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Attackers leveraged a botnet consisting of thousands of closed-circuit television (CCTV) devices to launch distributed denial-of-service (DDoS) attacks.

Daniel Cid, CTO of Sucuri Security, explains that a small jewelry shop recently signed up with his company. At the time, the new customer was experiencing a DDoS attack that had knocked it offline for a few days. Sucuri quickly analyzed the campaign to be a layer 7 attack (HTTP Flood) consisting of around 35,000 requests per second (RPS). The security firm then mitigated the attack.

That should have been the end of the story. But it wasn’t.

After the site came back up, the attackers renewed their DDoS campaign, this time launching a HTTP Flood that generated 50,000 RPS. The attack lasted for several days.

Curious, Cid and his security team took a deeper look into the campaign and found that the attackers were using only Internet of Things (IoT) CCTV devices to target the jewelry shop.

Cid hadn’t seen anything like it before:

“It is not new that attackers have been using IoT devices to start their DDoS campaigns, however, we have not analyzed one that leveraged only CCTV devices and was still able to generate this quantity of requests for so long. As we extracted the geo-location from the IP addresses generating the DDoS, we noticed that they were coming from all over the world, different countries and networks. A total of 25,513 unique IP addresses came within a couple of hours.”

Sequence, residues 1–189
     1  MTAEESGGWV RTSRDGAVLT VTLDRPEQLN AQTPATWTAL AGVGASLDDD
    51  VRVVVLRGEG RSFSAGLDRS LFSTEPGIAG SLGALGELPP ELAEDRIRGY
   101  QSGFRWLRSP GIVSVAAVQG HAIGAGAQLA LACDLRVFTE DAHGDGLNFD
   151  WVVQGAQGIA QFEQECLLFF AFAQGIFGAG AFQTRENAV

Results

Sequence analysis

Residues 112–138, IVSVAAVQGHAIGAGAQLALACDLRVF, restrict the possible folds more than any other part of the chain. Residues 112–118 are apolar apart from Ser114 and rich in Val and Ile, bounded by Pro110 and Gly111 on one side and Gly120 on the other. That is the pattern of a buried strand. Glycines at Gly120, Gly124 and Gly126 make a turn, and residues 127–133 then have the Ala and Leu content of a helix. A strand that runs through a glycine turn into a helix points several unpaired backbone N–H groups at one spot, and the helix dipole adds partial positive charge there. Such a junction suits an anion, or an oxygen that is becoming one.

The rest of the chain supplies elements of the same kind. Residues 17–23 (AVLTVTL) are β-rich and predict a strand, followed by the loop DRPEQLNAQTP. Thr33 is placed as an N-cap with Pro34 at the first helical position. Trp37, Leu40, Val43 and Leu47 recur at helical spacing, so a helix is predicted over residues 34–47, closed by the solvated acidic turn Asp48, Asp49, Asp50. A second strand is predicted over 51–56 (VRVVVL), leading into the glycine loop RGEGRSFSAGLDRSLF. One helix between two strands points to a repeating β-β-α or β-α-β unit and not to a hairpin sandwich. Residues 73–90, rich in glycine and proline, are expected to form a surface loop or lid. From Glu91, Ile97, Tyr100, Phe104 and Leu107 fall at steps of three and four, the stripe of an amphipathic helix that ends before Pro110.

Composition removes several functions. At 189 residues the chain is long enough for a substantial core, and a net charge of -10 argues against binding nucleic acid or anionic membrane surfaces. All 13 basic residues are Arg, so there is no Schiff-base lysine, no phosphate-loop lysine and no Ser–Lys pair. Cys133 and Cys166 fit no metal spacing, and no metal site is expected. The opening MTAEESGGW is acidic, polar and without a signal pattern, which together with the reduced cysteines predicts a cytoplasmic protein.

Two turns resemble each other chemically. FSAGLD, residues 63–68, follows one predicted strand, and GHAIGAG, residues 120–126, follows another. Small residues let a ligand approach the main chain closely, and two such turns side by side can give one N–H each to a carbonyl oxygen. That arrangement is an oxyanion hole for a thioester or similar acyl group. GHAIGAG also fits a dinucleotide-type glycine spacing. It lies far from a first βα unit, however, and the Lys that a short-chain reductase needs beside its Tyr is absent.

About a quarter (24 percent) of the requests originated from devices located in Taiwan, with traffic also coming from the United States (12 percent), Indonesia (9 percent), Mexico (8 percent), and elsewhere.

sucuri cctv ddos botnet geographic distribution
Source: Sucuri

At this time, it is unclear how all of these CCTV devices were infected.

Cid explains companies can do little to protect themselves against CCTV DDoS attacks aside from having DDoS mitigation technologies in place.

He’s careful to note, however, that individuals can help prevent these types of attacks from occurring in the first place:

“If you are an online camera user or vendor, please make sure it is fully patched and isolated from the internet. Actually, not just your online camera, but any device that has Internet access (from DNS resolvers, to NTP servers, and so on).”

News of this campaign follows several months after another security firm spotted a botnet consisting of 900 CCTV cameras engaging in DDoS attacks.